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UNLV Home Opener at Allegiant Stadium

Steve Marcus

UNLV fans get their first look at Allegiant Stadium before during UNLV’s home opener against UNR Saturday, Oct. 31, 2020.

The UNLV defense needed one stop to get off the field early in the second quarter Saturday against UNR in the Fremont Cannon rivalry game.

Hype man Chet Buchanan, like he’s done many times over the years, got on the microphone and pleaded with those in attendance, “Rebel fans we need you, it’s third down.”

There was one problem: The crowd at Allegiant Stadium was limited to 2,000 attendees because of COVID-19 restrictions.

No matter how loud they cheered for the scarlet and gray, or how loud the music blasted in between plays, there was no disguising the emptiness at UNLV’s new 65,00-seat home. Most plays were contested in complete silence.

There was another problem: Loud crowd noise would have had little impact on the UNR offense, which was unstoppable for most of the night in erupting for 497 yards in a 37-19 victory. UNLV surrendered nine yards per play, leading to UNR scoring on all but one of its possessions.

This is not the way the opening night at Allegiant should have felt.

After all, whenever the Fremont Cannon its escorted out of the stadium by the team in the blue, it’s a bad night — regardless of the venue. If it weren’t for the pandemic, there likely would have been a historic crowd, if anything to see the new $2 billion stadium.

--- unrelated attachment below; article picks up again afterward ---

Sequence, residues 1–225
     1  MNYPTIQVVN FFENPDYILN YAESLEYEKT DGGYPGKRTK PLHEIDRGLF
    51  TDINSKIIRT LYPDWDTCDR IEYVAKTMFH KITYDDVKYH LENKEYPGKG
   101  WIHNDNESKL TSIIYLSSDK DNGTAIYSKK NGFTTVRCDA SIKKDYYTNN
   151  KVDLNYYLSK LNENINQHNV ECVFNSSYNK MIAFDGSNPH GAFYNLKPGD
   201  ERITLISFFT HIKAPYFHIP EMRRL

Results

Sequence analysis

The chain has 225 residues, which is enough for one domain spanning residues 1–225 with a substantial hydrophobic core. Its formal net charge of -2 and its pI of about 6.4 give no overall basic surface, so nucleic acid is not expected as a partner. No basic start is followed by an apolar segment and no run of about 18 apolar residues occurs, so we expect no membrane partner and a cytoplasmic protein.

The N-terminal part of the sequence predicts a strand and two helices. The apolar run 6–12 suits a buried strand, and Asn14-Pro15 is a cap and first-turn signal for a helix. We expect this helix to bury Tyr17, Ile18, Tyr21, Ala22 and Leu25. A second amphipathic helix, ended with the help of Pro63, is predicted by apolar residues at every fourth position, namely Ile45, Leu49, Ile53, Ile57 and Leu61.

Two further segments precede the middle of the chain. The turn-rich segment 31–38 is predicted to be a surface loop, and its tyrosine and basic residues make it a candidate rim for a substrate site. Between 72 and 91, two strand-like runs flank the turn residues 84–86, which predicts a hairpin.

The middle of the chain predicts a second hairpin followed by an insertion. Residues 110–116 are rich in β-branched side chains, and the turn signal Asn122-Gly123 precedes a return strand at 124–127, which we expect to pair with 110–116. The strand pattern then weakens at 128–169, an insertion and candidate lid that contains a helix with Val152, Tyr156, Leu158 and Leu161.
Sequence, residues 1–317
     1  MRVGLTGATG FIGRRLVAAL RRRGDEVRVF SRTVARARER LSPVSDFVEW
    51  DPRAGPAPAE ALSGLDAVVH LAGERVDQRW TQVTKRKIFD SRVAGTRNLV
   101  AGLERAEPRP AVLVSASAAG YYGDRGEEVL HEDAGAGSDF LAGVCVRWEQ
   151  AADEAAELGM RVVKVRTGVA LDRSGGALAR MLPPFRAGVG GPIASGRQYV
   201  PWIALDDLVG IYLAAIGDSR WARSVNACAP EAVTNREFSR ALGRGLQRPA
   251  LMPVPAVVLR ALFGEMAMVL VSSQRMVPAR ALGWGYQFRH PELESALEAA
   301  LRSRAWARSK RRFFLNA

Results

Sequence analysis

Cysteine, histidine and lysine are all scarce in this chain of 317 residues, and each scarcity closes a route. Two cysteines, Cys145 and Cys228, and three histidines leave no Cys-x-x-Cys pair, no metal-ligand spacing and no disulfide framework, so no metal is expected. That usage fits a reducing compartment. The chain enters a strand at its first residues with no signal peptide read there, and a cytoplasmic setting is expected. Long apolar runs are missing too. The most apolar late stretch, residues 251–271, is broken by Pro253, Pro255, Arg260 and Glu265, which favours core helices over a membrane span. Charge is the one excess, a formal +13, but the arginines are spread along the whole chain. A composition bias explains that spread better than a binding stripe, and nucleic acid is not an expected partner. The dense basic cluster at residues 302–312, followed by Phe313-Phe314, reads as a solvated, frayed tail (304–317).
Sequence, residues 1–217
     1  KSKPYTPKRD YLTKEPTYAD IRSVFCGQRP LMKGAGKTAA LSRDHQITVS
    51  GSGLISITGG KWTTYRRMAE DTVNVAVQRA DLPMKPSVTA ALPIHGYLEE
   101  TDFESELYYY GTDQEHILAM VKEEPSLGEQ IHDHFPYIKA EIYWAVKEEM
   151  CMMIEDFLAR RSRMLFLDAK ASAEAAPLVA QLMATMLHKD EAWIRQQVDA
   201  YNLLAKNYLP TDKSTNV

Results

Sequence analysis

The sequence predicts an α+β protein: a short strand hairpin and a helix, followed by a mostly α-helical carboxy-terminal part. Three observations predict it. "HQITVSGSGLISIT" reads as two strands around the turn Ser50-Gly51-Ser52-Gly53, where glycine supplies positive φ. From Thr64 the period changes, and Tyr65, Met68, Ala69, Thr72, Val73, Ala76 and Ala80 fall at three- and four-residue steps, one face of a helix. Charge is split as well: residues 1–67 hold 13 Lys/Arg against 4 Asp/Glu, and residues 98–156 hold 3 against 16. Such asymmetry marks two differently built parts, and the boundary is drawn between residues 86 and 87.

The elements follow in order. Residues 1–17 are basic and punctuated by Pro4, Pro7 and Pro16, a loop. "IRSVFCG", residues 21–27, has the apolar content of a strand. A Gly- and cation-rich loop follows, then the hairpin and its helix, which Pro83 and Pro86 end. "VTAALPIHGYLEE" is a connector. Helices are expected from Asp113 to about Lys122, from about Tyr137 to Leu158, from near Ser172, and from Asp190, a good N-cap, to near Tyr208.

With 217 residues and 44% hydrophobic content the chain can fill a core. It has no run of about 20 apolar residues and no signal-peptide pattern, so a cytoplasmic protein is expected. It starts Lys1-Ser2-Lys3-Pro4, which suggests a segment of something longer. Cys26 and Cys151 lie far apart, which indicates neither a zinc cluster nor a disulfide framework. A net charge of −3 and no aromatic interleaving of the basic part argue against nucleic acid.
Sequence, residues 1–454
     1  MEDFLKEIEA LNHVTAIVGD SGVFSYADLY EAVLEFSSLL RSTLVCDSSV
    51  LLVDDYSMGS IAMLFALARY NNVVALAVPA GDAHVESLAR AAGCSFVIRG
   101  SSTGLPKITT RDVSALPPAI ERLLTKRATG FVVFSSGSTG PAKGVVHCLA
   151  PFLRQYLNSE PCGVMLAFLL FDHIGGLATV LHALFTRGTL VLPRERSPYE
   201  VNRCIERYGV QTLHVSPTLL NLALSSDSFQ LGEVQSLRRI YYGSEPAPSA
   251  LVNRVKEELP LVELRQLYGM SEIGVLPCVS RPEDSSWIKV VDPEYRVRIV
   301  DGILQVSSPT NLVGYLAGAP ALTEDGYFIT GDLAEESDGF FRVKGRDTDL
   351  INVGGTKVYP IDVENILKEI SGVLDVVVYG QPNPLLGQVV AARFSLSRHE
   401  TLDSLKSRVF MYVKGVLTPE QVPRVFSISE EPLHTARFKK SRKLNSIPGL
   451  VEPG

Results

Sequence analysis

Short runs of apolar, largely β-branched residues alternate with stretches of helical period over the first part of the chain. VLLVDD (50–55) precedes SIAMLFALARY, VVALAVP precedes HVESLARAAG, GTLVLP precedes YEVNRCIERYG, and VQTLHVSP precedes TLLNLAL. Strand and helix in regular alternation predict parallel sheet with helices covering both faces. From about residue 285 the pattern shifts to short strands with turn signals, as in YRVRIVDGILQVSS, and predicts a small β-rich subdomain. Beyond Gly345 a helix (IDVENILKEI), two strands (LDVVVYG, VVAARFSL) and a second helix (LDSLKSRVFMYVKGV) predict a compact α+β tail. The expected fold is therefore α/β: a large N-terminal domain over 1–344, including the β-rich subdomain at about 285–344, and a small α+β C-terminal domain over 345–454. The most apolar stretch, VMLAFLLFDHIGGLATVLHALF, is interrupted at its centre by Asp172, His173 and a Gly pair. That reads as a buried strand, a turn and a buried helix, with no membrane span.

But let’s not be short-sided in how we view things.

First and most important, the Rebels played a football game, which is something they weren’t originally supposed to do until next spring because of the coronavirus. Some fans got to attend, likely the first in-person sporting event they were part of in nearly 10 months since the outset of the pandemic in mid-March.

Most of those fans surely drove home disappointment in the outcome. They were talking about the brutally bad defense and wondering what changes first-year coach Marcus Arroyo has in store for the program.

But at least they weren’t talking about COVID-19, or worrying about the outcome of next week’s election. Sports, like it always should, was a welcome distraction from everything else in our lives.

Remember, this game wasn’t about the opponent or outcome — can’t believe I wrote that considering the opponent. Rather, it was about the venue, Allegiant Stadium.

After years of plotting the move from outdated Sam Boyd Stadium, the program is finally in its new home.

Looking out at the vacant seats you could easily imagine how a game day will look and feel. You can picture the cheerleaders on the field during timeouts, and not socially-distanced apart from each other in the stands. You could picture food vendors walking up and down the aisles, students with homemade signs, and supporters storming the field to celebrate a big win.

Only time will tell if those big wins come. But after years of talking about the program being stuck in neutral because of its home stadium, there are finally no excuses in building a winner. The expectations are unlike any other time in program history.

UNLV is located in the best city in the Mountain West. UNLV has the best stadium in the Mountain West.

But, as we saw on Saturday, UNLV does not have the best defense in the Mountain West. And, unfortunately, it no longer has the Fremont Cannon.

Article written by #LasVegasSun

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